There are three ways to set up Web conferences or Webinars: computer-based, desktop or a studio system.
The least expensive is the computer-based system which uses a computer, Webcam and free software like NetMeeting, Microsoft or similar products, and a coder/decoder (CODEC) card [source: AskMen.com].
If your computer doesn't have a built-in camera , you'll need an H320 standard camera such as a Logitech QuickCam. H320 is a telecommunications industry standard for videoconferencing that allows communication over ISDN (integrated digital services network) [source: PC Magazine]. It's easy to connect the camera into the computer's USB port and install the program software into your hard drive.
A desktop system is a step up from the computer-based system in that dedicated hardware is installed onto the computer. This allows for improved audio and video transmissions over the computer-based system.
To use either system, your computer will need a network card as well as a camera, microphone and speakers.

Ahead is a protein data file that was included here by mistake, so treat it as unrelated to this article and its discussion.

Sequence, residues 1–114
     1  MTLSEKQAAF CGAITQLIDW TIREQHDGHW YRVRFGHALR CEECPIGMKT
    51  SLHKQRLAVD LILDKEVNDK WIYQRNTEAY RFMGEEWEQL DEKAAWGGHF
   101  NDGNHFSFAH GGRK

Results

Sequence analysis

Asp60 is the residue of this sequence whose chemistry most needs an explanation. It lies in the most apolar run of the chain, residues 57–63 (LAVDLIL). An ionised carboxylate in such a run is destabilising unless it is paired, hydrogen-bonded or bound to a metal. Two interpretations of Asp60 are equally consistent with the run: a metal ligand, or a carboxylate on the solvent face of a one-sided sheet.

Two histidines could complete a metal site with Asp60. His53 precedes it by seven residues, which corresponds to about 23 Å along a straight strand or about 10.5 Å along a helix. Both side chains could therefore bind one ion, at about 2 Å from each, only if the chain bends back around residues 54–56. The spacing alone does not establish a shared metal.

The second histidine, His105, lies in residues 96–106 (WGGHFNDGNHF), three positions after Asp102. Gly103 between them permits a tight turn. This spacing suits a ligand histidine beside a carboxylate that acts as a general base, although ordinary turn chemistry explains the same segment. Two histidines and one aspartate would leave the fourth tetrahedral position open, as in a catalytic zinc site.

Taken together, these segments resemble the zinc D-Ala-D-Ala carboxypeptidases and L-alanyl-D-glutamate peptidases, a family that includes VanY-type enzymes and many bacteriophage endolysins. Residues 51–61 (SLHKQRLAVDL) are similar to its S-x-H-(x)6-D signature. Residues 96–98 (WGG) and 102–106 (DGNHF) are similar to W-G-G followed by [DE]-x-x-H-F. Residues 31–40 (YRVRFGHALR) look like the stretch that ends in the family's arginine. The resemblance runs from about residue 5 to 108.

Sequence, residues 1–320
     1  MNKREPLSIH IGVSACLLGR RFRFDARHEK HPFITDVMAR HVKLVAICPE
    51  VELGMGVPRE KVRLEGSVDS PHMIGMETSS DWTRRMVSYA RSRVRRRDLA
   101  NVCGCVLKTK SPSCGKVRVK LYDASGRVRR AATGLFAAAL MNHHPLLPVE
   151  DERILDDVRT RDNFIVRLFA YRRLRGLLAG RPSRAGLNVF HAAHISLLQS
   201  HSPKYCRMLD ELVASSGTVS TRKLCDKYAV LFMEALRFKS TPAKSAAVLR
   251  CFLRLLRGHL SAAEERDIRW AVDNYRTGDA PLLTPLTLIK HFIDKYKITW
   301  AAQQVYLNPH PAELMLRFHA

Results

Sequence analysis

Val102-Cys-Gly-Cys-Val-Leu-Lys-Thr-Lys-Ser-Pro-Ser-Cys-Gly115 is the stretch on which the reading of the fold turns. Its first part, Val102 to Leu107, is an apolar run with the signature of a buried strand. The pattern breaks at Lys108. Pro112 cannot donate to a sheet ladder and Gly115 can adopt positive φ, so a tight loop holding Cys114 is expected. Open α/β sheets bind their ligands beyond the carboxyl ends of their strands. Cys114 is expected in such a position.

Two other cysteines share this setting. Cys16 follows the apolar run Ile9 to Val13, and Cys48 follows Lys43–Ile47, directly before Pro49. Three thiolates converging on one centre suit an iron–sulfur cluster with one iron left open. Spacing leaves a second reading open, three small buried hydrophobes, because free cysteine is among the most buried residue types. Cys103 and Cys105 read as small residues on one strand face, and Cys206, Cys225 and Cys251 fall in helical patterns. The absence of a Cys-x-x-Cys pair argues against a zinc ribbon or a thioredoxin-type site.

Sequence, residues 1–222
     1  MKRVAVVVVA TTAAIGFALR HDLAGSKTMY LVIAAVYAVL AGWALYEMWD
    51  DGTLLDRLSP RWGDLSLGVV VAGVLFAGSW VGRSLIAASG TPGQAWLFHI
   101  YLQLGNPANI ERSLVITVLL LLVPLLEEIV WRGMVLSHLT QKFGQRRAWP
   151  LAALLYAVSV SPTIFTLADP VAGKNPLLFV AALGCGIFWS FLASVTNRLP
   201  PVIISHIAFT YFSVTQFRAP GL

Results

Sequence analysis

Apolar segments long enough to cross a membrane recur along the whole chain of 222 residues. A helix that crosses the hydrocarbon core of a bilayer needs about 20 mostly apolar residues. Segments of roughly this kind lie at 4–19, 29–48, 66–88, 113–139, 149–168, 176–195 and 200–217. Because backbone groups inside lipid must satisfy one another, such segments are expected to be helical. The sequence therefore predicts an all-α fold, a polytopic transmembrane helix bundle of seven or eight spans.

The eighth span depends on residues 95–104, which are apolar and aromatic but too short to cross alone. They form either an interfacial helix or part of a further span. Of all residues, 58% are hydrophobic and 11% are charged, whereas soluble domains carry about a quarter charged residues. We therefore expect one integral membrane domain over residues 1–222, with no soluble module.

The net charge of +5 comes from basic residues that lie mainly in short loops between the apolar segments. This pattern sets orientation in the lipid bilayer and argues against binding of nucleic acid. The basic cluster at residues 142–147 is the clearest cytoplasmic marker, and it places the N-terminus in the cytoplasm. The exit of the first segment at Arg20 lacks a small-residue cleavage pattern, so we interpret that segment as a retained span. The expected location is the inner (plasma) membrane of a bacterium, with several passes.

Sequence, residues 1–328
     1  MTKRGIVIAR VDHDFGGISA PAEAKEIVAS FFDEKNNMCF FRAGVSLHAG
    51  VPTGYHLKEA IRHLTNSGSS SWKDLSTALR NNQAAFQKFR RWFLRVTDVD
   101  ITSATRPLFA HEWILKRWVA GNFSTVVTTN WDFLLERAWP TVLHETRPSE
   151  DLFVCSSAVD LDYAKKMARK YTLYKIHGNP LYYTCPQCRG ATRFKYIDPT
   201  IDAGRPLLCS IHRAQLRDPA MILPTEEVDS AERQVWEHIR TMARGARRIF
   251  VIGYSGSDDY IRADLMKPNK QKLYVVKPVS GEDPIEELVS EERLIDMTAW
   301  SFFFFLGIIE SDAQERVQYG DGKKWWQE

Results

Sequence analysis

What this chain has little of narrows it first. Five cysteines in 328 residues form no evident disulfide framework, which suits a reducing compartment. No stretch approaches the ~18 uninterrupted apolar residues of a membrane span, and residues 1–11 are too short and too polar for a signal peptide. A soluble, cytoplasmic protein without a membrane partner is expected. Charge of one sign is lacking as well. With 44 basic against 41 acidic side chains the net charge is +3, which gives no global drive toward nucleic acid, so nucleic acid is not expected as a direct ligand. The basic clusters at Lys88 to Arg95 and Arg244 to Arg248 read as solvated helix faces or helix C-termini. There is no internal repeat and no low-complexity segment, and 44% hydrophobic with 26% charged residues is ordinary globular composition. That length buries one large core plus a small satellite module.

Be prepared to sacrifice quality if you're using Webcams and free software. The resolution with these systems is quite often poor and the frame rate is only one frame per second. Using a desktop system with the accompanying software will give better quality with frame speeds of up to 30 frames per second. Regardless of which system is used, there are transmission delays of about one second during the communication [source: AskMen.com].
Offering the best quality, but also the most expensive, are the studio-based systems in which a room is supplied with document viewers, overhead cameras, slide viewers, control systems and vision switchers. These systems are usually used by large companies or universities [source: AskMen.com].
There are two choices for connecting to the Internet. ISDN connections use telephone networks for data transmissions. Internet Protocol (IP) connections use the Internet.
ISDN connections provide a consistent bandwidth level during the call. The connection isn't affected by restrictive firewall settings that can affect IP transmissions. ISDN's are best suited for group video systems that are set up in conference rooms with outside locations.
IP-based conferences use an Ethernet connection. Calls can be made from the public Internet or by using a service provider network and dedicated T-1 lines. IP systems can experience delays if the network is congested, particularly if over the public Internet. Corporate firewalls may block data coming in our out of the local area network [source: NetworkWorld].
On the next page, we'll talk about setting up a video Web event.